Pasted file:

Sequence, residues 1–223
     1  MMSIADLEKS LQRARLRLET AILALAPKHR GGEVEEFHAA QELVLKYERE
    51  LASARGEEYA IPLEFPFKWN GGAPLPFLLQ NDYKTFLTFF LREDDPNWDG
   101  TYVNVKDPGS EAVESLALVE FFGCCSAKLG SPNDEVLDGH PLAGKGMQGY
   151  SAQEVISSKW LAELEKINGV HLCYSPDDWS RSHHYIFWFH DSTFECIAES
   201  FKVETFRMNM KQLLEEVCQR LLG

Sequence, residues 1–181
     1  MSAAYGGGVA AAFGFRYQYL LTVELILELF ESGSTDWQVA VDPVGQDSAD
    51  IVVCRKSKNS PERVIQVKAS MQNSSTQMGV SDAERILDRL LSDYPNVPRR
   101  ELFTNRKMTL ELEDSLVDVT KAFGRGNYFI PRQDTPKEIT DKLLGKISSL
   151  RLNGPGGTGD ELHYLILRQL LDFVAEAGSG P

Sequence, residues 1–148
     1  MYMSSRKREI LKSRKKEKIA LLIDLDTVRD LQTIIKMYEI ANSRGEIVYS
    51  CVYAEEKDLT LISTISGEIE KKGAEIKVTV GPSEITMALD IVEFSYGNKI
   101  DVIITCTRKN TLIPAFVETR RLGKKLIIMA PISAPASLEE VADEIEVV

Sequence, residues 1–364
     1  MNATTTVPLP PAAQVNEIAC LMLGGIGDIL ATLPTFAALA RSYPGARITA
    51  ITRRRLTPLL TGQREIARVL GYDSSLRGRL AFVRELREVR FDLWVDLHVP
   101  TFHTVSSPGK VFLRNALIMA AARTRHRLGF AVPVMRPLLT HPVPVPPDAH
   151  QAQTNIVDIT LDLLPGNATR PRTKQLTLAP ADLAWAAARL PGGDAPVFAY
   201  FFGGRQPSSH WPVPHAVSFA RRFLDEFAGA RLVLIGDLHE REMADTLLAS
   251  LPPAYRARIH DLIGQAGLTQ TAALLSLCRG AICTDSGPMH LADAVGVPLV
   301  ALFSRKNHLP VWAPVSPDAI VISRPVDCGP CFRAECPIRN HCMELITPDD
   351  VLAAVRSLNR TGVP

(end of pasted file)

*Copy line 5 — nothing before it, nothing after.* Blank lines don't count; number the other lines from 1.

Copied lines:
   151  SAQEVISSKW LAELEKINGV HLCYSPDDWS RSHHYIFWFH DSTFECIAES